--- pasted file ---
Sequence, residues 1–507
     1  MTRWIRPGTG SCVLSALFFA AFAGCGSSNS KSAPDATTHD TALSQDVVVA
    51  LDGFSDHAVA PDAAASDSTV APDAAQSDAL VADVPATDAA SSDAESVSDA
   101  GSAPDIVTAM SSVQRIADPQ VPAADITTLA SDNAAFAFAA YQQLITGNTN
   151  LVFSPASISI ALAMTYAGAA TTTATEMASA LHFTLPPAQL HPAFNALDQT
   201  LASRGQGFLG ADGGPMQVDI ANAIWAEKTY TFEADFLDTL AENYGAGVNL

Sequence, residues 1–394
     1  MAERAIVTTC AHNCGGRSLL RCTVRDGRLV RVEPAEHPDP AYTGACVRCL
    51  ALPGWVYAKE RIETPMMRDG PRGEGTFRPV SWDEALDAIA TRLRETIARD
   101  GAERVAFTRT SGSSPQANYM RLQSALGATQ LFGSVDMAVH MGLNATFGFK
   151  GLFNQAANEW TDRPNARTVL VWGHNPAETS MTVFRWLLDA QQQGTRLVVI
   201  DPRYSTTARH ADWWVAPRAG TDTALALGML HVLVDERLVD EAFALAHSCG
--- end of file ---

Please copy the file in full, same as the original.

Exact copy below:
Sequence, residues 1–507
     1  MTRWIRPGTG SCVLSALFFA AFAGCGSSNS KSAPDATTHD TALSQDVVVA
    51  LDGFSDHAVA PDAAASDSTV APDAAQSDAL VADVPATDAA SSDAESVSDA
   101  GSAPDIVTAM SSVQRIADPQ VPAADITTLA SDNAAFAFAA YQQLITGNTN
   151  LVFSPASISI ALAMTYAGAA TTTATEMASA LHFTLPPAQL HPAFNALDQT
   201  LASRGQGFLG ADGGPMQVDI ANAIWAEKTY TFEADFLDTL AENYGAGVNL

Sequence, residues 1–394
     1  MAERAIVTTC AHNCGGRSLL RCTVRDGRLV RVEPAEHPDP AYTGACVRCL
    51  ALPGWVYAKE RIETPMMRDG PRGEGTFRPV SWDEALDAIA TRLRETIARD
   101  GAERVAFTRT SGSSPQANYM RLQSALGATQ LFGSVDMAVH MGLNATFGFK
   151  GLFNQAANEW TDRPNARTVL VWGHNPAETS MTVFRWLLDA QQQGTRLVVI
   201  DPRYSTTARH ADWWVAPRAG TDTALALGML HVLVDERLVD EAFALAHSCG